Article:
In the middle of May 2014, out of nowhere, my son, Will, had a seizure. Little did we know that it wouldn’t be his last, nor how much our lives were about to change.
Soon after, our pediatrician sent us to a children’s hospital close to our hometown in Indiana for an EEG. Will had 10 seizures during the procedure and was diagnosed with generalized epileptic seizures.
Medication Not Controlling Will’s 80+ Daily Seizures
Unfortunately, Will’s seizures continued to progress. At the worst point, he was having 80-100 seizures a day and on multiple medications that were clearly not controlling them. We also learned that his seizures occurred all over his brain, which meant that he wasn’t a good candidate for surgery. Eventually, he received a different diagnosis, called refractory epilepsy. This means that his epilepsy does not respond well to medication.
Later that fall he started Kindergarten. He had a hard time focusing on learning because he was seizing so much throughout the day. At least once a week he would pass out in class from enduring too many seizures in a row.
This was no way to live – we knew we had to try something else! So we made our way to the neurology department at Cincinnati Children’s. They immediately began the process of weaning him off three medications. Additionally, they recommended he try a different medication, Felbamate, and the Modified Atkins Diet (MAD). This is a less restrictive version of the ketogenic diet.
Will Tries the Ketogenic Diet to Retrain His Brain to Accept Medication
He tried MAD for a couple of weeks, but it was not enough to reduce the number of seizures. To better his chances, they moved him to the ketogenic diet at a 2:1 ratio. The ketogenic diet is very restrictive and balances carbohydrates, protein and fat grams with each meal. As wild as it may seem, this combination changes the way energy is used in the body. The result is a state known as ketosis, which can lead to a reduction in the occurrence of seizures. The 2:1 ratio means that 85% of his total calories for the day came from fat. His dietitian calculated each meal and snack so that we knew exactly how many calories, protein, fat and sugar to give him each day.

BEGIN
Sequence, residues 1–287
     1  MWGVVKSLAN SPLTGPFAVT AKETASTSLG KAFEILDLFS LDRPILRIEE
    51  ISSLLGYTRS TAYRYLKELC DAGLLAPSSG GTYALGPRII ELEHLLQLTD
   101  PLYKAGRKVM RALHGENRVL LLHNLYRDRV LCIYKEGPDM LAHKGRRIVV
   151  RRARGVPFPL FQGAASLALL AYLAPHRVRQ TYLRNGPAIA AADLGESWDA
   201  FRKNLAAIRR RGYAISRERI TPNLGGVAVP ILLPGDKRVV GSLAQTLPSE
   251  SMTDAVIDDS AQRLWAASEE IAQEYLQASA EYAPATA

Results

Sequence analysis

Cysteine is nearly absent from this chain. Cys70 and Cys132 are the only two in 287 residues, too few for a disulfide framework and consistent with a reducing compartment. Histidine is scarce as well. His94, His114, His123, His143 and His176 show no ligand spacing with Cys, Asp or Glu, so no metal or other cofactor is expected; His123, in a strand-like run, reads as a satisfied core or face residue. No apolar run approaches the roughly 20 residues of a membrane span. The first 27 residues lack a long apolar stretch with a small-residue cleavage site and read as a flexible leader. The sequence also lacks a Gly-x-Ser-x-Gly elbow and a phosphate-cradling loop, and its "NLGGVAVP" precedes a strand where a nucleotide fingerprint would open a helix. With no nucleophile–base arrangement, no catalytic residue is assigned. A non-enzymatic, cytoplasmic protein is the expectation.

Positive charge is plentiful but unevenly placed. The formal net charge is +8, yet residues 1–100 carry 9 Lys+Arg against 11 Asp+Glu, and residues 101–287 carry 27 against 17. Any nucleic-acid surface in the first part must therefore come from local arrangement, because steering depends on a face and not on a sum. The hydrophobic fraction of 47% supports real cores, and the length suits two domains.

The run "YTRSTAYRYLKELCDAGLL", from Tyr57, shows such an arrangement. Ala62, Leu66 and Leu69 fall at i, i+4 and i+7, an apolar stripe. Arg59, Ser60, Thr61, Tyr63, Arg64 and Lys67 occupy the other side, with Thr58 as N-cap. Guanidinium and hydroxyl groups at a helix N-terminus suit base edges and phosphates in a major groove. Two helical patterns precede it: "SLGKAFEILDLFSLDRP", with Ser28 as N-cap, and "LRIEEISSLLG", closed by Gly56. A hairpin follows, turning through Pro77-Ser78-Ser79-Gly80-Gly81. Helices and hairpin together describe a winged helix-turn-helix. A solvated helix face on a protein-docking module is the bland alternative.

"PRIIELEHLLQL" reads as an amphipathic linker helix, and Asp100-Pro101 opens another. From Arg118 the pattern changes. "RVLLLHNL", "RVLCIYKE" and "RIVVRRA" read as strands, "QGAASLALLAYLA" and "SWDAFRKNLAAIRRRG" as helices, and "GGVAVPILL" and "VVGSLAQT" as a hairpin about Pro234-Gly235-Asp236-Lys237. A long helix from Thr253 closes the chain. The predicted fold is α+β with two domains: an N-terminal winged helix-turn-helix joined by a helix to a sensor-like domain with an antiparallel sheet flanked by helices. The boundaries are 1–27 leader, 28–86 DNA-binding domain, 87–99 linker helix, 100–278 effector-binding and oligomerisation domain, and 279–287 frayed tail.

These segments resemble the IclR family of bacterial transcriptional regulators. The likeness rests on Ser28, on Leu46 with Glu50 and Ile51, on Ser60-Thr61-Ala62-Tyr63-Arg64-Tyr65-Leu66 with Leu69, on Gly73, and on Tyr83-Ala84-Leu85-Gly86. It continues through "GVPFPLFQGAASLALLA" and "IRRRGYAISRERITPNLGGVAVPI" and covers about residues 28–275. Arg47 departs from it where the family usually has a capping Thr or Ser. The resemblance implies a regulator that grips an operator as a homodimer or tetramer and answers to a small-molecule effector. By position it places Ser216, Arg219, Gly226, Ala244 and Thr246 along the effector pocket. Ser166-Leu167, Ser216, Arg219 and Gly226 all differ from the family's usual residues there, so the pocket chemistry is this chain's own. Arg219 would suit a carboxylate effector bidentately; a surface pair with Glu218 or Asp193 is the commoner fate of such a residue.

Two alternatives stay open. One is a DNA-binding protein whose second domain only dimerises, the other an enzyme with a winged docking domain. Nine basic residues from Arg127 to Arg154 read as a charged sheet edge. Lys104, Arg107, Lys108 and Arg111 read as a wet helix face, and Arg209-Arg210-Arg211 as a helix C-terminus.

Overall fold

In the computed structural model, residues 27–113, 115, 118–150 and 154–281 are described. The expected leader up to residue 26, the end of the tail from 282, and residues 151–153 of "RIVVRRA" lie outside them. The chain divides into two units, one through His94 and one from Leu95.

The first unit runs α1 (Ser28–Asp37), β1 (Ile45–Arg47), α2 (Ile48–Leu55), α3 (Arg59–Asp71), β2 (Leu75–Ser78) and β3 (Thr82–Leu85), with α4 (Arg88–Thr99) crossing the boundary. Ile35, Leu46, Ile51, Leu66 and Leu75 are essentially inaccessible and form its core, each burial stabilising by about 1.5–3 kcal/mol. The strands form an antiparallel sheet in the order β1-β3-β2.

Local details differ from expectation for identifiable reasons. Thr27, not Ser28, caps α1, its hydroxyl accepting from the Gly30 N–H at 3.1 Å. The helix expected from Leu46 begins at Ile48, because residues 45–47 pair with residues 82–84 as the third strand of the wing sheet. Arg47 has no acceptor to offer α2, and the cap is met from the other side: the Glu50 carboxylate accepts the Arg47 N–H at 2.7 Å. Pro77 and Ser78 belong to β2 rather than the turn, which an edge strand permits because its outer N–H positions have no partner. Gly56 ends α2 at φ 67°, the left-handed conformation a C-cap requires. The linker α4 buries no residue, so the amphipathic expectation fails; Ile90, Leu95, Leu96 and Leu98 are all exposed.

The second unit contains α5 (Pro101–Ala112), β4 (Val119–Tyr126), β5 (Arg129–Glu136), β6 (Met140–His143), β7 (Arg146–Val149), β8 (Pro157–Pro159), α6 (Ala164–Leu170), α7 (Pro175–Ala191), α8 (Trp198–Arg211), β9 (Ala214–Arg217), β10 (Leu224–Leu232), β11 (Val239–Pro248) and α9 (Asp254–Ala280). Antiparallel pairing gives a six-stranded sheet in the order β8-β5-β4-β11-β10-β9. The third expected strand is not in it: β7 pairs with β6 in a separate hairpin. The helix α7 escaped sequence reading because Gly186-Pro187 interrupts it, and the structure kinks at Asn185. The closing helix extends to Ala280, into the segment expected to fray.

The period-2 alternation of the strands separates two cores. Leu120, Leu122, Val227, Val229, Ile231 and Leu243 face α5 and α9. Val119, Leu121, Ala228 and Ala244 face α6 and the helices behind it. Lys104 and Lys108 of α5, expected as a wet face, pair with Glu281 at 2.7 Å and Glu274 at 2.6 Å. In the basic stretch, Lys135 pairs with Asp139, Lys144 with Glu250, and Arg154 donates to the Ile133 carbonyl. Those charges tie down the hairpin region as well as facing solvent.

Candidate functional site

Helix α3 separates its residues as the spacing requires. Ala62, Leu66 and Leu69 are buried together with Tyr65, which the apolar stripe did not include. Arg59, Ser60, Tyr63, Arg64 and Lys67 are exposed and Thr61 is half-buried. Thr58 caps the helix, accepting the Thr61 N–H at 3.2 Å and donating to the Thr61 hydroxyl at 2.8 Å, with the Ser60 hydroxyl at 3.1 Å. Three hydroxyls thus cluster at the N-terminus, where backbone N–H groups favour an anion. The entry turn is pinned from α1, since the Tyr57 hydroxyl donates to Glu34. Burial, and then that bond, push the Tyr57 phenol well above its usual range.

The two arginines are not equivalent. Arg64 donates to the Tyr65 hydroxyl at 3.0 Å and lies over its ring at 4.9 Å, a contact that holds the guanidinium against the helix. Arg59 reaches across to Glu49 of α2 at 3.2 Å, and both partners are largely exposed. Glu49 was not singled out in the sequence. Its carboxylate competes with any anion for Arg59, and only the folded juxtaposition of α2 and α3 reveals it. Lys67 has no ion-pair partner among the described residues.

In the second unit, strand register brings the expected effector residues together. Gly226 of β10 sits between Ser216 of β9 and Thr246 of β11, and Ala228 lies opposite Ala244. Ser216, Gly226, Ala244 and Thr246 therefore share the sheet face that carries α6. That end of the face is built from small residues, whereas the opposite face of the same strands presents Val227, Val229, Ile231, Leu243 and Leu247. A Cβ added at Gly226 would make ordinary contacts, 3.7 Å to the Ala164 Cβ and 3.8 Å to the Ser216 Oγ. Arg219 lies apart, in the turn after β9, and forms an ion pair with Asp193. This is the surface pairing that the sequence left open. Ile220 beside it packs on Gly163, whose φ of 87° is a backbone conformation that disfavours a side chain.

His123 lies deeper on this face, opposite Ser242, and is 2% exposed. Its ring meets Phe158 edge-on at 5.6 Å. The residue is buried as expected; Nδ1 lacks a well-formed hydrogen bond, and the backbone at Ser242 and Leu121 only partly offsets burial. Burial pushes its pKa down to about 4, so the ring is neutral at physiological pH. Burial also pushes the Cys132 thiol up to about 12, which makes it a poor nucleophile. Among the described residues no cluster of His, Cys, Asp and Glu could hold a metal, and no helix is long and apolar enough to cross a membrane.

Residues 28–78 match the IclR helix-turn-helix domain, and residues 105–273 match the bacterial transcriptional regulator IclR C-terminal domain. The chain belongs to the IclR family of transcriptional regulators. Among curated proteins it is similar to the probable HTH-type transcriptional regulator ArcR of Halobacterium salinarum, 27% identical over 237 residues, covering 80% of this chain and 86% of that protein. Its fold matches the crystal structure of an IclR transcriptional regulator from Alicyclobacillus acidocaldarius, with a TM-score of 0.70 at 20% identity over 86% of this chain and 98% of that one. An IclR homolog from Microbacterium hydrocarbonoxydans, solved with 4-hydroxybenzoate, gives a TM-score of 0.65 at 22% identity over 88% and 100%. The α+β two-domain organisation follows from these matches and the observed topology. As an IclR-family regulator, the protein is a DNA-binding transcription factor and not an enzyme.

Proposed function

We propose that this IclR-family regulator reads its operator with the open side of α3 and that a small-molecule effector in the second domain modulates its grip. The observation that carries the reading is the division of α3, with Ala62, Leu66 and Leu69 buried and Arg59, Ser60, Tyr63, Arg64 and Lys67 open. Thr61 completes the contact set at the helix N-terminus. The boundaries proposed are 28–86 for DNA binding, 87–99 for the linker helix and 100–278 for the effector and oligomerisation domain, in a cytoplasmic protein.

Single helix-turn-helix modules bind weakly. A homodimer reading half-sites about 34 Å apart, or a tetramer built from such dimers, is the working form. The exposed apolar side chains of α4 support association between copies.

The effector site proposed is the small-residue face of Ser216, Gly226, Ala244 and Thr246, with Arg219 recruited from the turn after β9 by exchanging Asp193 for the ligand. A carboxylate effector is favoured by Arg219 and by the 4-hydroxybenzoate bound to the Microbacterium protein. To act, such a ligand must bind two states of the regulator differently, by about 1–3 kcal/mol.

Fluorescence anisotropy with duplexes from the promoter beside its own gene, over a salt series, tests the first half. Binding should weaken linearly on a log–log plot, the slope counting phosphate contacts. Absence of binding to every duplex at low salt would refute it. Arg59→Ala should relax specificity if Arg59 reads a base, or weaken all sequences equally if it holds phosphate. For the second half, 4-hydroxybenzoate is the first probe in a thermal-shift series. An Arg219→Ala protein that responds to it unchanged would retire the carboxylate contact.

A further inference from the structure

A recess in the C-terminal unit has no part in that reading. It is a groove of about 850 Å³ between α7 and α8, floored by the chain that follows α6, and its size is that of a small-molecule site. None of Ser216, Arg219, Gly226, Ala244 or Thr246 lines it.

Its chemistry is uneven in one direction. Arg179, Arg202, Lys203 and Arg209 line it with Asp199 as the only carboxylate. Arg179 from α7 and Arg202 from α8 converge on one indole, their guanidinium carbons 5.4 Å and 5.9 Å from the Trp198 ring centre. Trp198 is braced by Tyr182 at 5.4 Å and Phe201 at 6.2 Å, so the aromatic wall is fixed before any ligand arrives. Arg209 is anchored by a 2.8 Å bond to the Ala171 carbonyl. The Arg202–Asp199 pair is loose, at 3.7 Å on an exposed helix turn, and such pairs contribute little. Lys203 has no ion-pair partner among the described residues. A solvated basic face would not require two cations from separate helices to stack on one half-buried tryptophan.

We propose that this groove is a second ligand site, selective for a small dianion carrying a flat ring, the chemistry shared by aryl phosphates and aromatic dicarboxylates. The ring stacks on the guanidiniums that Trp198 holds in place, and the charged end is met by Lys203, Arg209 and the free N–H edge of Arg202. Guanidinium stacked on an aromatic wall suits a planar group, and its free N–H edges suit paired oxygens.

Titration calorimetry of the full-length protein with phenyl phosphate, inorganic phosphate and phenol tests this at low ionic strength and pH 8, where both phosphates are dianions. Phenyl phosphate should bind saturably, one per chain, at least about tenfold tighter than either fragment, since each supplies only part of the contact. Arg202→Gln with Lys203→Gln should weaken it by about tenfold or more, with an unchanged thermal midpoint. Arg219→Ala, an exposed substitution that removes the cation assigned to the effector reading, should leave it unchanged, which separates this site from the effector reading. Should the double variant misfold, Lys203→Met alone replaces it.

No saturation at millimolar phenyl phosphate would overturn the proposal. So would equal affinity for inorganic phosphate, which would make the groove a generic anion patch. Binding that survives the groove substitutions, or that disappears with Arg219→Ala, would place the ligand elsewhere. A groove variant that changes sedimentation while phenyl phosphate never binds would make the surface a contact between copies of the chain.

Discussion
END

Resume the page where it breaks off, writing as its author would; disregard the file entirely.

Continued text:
The purpose of the diet is to retrain his brain to help accept medication or to stop the brain from misfiring and causing seizures. Once that “reset” happens, the idea is that eventually he would be able to reintroduce a more normal diet and maintain seizure freedom.
Will stayed in the hospital for a few days while they introduced the ketogenic diet to him. They wanted to see how his body responded and make adjustments where necessary. His dietitian checked his urine and blood to ensure that he was making ketones, as well as his blood sugar levels.
Within two weeks of starting the keto diet, the number of seizures decreased and he began having seizure-free days! His energy level began to increase, he wanted to play again, and most importantly, he wasn’t scared anymore.
The ketogenic diet worked miracles for Will. It took about two months to wean him off slowly. We worked closely with his dietitian to re-introduce carbohydrates. Once he completed the ketogenic diet, he avoided simple sugars like candy and cake for a period of time. But now, a year later, he is eating a regular diet, including dirt cake!
Will is Now Seizure Free
Will has now been seizure free since July 2016. He still takes medication three times a day and we have to watch what he eats. But he is living a more normal life.
Most excitingly, we have our social butterfly back. He has started playing sports again and will begin his second season of baseball this Spring.
Will’s journey with epilepsy has been the hardest thing our family has experienced. We’re so grateful for the ketogenic diet and what it has allowed Will to do – maintain seizure freedom! Now his biggest challenges are choosing what he wants to accomplish next, both on and off the baseball field. And we can’t wait to cheer him on from the sidelines.
Editor’s note: When following a ketogenic diet for epilepsy, it is important to be closely monitored by an experienced comprehensive medical team. They will ensure that patients do not have a condition that will be worsened by the diet. In addition, they will make sure that if there are side effects, they will be recognized early and managed appropriately.
To learn more about how our Comprehensive Epilepsy Center utilizes the ketogenic diet, please call 513-636-4222 or fill out an online form.
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